With the weekend almost upon us, it was only a matter of time until a new data breach would make headlines. In this case. The Louisiana DMV has been breached, and the data is being sold on the deep web. Sources indicate over 250,000 driver’s license records are up for grabs at the time of writing.
Louisiana DMV Records Up For Grabs
Database solutions as we know them are inherently insecure and need to be replaced with better technology. Until that happens, data breaches will remain very common, and the Louisiana DMV breach is just one example of why things need to change. With over a quarter million driver’s license records being stolen, there is even more sensitive information for sale on the deep web.
Although this information mostly contains crime and traffic offenses, this is still a worrisome revelation. What is even more peculiar is how the most common year of birth in all of these records is 1983, albeit it is not clear what impact this will have. Records also contain first and last names, DOB, and home addresses.
But there is more to these details, as the offenses information includes which police district issued the ticket itself. While this type of data may not be useful to the average hacker, it could be used in social engineering attempts. Moreover, it could give ransomware spreaders an idea as to which law enforcement precincts to attack in the future.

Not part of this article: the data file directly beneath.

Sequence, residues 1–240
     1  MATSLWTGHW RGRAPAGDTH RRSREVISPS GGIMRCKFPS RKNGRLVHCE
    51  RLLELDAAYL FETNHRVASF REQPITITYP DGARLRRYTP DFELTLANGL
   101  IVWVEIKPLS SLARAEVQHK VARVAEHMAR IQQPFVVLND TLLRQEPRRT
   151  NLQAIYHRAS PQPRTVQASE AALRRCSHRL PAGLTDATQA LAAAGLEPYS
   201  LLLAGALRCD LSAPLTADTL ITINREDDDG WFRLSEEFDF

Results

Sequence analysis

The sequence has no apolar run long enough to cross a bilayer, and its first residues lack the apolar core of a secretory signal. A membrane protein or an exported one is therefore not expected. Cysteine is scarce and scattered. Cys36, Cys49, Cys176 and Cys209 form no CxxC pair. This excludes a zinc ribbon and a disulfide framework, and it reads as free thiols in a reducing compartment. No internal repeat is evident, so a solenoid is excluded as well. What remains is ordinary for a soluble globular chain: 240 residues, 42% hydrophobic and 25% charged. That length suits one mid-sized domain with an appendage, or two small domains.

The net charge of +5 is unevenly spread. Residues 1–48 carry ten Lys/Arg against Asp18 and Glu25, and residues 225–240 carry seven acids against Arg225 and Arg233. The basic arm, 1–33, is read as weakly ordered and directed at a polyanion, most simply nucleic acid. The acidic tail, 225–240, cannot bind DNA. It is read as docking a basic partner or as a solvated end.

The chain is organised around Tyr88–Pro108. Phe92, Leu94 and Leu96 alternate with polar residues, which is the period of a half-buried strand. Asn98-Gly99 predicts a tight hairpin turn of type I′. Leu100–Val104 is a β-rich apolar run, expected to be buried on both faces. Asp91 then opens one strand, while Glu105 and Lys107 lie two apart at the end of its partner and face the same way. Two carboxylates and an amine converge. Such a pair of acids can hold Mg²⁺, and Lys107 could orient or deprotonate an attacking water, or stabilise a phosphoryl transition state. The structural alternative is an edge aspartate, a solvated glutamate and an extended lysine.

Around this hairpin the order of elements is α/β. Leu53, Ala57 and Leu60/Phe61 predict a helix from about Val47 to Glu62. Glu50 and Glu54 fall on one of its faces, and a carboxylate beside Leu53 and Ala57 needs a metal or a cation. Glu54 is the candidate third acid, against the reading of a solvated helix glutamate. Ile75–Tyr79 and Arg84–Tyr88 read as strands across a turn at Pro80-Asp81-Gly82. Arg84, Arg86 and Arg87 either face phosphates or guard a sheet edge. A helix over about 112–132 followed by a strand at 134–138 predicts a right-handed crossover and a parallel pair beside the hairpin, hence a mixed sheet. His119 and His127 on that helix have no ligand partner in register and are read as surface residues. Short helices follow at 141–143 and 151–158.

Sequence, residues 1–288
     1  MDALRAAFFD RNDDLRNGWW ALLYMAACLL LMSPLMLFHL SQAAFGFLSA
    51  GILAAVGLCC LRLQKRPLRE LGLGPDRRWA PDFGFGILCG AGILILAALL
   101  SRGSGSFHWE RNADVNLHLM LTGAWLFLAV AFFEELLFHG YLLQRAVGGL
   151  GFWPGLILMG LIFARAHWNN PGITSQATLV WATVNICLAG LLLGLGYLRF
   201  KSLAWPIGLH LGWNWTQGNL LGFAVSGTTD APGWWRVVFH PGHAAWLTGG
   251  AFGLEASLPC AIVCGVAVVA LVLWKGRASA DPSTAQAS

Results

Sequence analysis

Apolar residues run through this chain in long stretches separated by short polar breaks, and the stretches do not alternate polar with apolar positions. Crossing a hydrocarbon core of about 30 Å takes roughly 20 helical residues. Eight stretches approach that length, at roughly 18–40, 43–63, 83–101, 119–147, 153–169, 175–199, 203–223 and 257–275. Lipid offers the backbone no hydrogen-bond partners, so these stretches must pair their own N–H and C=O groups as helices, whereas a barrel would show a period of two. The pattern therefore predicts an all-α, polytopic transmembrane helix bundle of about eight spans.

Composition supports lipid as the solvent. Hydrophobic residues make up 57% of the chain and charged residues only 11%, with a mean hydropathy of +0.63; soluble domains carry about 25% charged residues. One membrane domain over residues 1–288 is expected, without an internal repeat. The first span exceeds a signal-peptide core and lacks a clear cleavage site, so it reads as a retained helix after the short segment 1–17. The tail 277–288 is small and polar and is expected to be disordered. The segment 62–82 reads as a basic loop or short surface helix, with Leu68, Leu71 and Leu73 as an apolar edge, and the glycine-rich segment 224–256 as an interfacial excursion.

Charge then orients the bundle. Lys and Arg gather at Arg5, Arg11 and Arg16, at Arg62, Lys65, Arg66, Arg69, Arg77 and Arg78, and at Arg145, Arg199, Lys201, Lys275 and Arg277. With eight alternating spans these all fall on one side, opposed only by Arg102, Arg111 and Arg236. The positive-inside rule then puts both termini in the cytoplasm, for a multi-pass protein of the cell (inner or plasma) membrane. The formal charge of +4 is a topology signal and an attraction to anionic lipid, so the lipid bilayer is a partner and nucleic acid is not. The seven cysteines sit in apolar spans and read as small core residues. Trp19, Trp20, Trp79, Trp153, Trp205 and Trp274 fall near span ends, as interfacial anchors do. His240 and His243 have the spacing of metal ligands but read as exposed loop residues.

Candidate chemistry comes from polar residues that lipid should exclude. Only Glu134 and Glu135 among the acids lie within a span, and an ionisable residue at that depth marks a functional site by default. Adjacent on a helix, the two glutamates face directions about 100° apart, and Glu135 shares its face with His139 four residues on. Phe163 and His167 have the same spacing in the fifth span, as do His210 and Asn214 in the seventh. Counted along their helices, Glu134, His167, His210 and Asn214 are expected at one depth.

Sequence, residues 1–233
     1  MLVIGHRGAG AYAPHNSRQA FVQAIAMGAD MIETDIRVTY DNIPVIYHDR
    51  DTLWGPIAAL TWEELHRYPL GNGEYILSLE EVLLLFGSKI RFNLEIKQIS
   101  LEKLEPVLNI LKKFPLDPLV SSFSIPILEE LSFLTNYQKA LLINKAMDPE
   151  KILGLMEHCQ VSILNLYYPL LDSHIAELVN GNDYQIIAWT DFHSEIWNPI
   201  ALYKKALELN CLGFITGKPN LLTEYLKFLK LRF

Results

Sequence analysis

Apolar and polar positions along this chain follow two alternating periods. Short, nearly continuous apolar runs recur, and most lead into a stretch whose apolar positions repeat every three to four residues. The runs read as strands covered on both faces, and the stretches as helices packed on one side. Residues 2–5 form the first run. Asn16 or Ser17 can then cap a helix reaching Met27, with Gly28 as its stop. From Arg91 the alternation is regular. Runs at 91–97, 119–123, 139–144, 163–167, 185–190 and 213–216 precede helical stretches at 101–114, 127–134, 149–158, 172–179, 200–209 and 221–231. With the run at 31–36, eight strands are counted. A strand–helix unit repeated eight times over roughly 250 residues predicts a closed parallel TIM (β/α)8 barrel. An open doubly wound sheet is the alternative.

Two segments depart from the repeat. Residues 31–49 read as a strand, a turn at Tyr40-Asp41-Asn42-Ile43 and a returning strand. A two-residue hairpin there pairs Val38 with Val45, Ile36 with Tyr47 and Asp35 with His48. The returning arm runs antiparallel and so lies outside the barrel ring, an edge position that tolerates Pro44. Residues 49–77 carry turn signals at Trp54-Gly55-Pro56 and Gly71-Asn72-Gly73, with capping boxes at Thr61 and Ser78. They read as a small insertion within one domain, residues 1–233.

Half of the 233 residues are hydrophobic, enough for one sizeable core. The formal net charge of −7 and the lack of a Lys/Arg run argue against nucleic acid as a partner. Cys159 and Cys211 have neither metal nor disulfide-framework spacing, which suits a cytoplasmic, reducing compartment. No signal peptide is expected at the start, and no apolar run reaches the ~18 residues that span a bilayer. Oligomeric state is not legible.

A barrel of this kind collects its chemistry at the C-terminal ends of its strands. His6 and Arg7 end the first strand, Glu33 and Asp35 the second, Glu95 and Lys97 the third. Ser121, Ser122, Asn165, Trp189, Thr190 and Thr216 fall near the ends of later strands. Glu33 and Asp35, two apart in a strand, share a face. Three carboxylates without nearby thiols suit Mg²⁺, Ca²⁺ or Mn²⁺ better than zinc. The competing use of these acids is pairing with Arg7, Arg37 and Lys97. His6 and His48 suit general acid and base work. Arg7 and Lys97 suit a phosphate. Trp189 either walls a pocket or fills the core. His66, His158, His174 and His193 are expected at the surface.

Don’t be mistaken in thinking the Louisiana DMV details are up for a small price, though. The deep web listing has a sale price of 21 million Bitcoin – funnily enough – and the seller will never get that much money for it. There will only be 21 million Bitcoin ever generated, and it will take until 2140-ish until that happens.
Additionally, it remains unclear as to whether or not this data is real. The state of Louisiana has not confirmed or denied the DMV breach so far. This could indicate officials have no idea the breach took place to begin with, or that the information is utterly fake. One thing is for sure, though: data breaches will continue to occur as long as enterprises do not upgrade their security.
Source: Deep Dot Web
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